I’m fostering a 9-year-old boy who’s reading at about a first grade level. The Marvel Adventures line is still a little advanced for him, but anything at his reading level is too “babyish” for him. I know you’re a high school teacher, but is there anything you’d recommend for him? He’s really into the military and Star Wars right now, but I think things like The Clone Wars or GI Joe & Sgt Rock reprints are still too advanced for him.

This is officially my favorite shelf porn ever. Thanks, Mr. Peace.

Thats some nice shelf porn mate

I love this entry of Shelf Porn! I fully approve this collection.

Chris, I run an afterschool program and I obviously hand my kids comics, which they love.

Good job on spreading the gospel.

This is awesome. Such depth and range in your collection and for such a great cause. It really is an almost perfect comic book LIBRARY!

I’m only 26 and could never have pictured any of my high school teachers doing something like this! I remember when I was an elementary school we had a book fair in our little library. I saw a copy of a Wolfman Teen Titans trade and the teacher took it out of my hands and talked it over with the librarians and forced me to get something else, saying I couldn’t buy it.

Wesley Smith

Bone is the perennial favourite, scholastic put out editions that might be best for your nine year old. Also, try “Owly” which is short on text, but heavy on action and is great practice when learning how to read narrative (where do the eyes go next in proper sequence).

As for using “approved books”–I have as a teacher resisted this–if someone wants to challenge me on what I choose–fine..bring it. Having said that–the way I get around this is to merely place books in the room and let the kids find them. I am often amazed by parental responses to comics–that they are junk reading or garbage or immature–sure some of them are–like all literature. Of course I like to add that I still read comics–so I ask the parents what that makes me? Occasionally I have had difficulties over content, but thankfully live in a major city with a great teacher’s union where all we need is principal approval. If you have a great principal then the “approved list” gets significantly larger. Some parents objected to gender/sexual identity issues in The Sandman and took the complaints to the principal, who staunchly defended the book because he was himself gay and felt Sandman was a big part of why it was safer for him to live as himself. That was a satisfying moment.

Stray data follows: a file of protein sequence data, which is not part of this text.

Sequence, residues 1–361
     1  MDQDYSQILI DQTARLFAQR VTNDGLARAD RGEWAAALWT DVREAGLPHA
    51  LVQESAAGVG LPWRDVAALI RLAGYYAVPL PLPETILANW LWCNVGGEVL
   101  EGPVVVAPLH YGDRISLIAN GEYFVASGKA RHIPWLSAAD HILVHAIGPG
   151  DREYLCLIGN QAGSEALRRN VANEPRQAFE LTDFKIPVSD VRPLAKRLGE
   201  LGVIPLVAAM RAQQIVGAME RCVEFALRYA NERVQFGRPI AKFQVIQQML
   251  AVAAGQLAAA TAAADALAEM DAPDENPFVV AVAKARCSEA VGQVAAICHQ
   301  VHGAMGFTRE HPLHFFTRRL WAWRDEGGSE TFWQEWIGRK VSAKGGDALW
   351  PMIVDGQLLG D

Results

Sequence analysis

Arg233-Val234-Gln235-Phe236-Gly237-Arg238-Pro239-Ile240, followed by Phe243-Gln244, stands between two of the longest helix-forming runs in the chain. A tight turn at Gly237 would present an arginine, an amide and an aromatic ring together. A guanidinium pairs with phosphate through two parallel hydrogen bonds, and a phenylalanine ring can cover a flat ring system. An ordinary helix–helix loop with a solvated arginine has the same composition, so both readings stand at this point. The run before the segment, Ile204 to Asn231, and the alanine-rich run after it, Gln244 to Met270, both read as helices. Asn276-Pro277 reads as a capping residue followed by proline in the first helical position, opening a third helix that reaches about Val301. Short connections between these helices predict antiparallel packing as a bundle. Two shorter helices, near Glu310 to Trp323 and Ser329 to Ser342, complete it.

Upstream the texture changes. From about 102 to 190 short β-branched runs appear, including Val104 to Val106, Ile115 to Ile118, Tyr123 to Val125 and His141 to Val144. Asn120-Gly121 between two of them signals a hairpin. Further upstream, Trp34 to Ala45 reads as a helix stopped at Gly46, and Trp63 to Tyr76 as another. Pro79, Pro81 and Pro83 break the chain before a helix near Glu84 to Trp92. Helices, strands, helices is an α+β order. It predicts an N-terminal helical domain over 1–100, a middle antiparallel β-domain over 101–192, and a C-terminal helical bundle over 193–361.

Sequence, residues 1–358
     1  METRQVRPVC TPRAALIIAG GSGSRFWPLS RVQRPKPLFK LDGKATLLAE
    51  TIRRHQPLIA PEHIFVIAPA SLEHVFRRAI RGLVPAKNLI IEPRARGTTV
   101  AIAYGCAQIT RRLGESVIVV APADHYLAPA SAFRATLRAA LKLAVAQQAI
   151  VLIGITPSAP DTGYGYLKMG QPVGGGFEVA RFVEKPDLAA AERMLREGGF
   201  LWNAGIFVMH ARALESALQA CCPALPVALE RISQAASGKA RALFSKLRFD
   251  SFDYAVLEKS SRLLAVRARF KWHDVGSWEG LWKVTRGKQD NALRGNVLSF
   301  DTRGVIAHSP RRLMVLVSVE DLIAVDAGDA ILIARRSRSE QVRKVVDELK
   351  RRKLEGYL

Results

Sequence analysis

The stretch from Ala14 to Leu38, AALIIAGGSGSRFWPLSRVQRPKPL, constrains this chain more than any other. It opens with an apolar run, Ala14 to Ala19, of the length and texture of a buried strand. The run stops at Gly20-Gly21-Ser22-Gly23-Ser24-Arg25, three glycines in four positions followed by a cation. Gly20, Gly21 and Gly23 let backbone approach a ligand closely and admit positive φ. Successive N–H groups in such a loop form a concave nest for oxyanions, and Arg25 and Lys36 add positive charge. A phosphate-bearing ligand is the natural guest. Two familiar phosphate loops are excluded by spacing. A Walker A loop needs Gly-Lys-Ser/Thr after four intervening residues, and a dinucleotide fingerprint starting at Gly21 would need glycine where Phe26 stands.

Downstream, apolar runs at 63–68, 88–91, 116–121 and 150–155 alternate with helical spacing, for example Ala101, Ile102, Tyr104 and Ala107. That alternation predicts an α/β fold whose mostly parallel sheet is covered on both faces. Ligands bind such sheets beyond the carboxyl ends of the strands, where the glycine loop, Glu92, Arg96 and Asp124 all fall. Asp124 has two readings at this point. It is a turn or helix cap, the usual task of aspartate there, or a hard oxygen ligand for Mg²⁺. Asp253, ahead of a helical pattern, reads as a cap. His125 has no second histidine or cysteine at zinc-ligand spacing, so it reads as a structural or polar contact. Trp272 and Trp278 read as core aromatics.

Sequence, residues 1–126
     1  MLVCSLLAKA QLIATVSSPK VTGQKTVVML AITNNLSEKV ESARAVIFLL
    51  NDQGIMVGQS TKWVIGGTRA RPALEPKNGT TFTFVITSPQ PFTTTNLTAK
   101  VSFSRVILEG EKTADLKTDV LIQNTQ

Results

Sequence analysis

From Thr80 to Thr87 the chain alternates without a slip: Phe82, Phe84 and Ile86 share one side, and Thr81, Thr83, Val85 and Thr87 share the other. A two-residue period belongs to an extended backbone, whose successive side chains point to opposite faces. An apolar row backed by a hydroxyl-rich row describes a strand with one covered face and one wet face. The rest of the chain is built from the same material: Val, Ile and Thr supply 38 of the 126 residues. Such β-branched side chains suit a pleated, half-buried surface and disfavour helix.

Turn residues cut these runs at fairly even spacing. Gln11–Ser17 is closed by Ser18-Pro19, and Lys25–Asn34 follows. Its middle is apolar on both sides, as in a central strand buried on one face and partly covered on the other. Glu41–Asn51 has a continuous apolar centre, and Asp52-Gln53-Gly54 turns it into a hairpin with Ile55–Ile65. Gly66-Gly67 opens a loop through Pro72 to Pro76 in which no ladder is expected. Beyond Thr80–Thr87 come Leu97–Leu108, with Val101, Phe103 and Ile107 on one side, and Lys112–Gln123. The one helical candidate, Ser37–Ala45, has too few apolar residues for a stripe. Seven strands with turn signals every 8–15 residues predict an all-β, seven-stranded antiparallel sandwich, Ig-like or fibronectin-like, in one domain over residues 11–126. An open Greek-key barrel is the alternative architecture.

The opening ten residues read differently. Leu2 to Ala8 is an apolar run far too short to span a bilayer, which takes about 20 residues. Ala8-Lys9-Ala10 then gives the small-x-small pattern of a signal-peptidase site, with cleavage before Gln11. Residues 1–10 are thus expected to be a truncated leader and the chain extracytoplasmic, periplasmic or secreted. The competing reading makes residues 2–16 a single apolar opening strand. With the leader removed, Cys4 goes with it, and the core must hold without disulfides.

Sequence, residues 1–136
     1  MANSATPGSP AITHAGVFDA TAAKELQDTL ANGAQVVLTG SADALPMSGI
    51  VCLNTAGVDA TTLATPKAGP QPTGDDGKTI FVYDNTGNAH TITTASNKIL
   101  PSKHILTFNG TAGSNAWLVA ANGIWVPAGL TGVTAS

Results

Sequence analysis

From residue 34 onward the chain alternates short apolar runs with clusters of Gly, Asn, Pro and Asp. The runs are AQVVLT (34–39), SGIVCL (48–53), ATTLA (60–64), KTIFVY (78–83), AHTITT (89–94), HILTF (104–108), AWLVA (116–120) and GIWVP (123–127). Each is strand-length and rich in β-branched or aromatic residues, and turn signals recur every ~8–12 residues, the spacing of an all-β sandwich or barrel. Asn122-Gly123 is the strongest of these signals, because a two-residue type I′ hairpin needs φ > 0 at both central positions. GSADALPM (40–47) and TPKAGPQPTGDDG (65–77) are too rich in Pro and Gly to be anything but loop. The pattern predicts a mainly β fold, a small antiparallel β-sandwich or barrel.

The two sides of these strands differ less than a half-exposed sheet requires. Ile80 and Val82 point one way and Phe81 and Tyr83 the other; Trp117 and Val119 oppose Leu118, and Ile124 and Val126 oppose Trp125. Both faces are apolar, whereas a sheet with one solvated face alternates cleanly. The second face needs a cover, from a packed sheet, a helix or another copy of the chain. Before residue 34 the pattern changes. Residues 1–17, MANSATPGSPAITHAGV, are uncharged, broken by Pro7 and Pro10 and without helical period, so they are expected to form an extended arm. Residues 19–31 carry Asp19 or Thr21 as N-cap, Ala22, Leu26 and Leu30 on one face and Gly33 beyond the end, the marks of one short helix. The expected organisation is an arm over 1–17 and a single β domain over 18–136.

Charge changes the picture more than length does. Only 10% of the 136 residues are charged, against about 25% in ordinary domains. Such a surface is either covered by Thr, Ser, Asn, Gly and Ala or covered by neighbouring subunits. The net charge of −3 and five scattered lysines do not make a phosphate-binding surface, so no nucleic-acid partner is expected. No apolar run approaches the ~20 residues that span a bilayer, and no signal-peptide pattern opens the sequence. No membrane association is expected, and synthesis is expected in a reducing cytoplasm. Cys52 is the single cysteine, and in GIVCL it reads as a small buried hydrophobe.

I’m all about children reading and children reading comics, but some of these books are flat-out inappropriate for children. Just on first glance I spotted two books with rape scenes.

Cool Idea and a good collection.

But you’re missing the Howard the Duck Essential and that’s a must have.

Kevin Kuczynski: The pages of our copy of Essential Tomb of Dracula are somewhat separated from the book’s binding. Sadly, it’s a problem I’m finding across the board with the Marvel Essentials titles. I’ve been trying to replace our classroom’s copy of Essential Daredevil, Volume 1 for the past month. Barnes and Noble has reordered it for me TWO times, and each time the glue between the cover and the binding separates! Teenagers love it though… they’re also REALLY digging the Essential Marvel Horror titles.

Darvid: Occasionally parents ask about comics, but I find when that happens, they’re usually under the impression that I’m TEACHING comics rather than simply giving kids the option to occasionally read comics during their sustained silent reading. As a new parent myself, I don’t know that I’d want my kid being taught about The Red Hulk when he should be doing Animal Farm and Romeo and Juliet.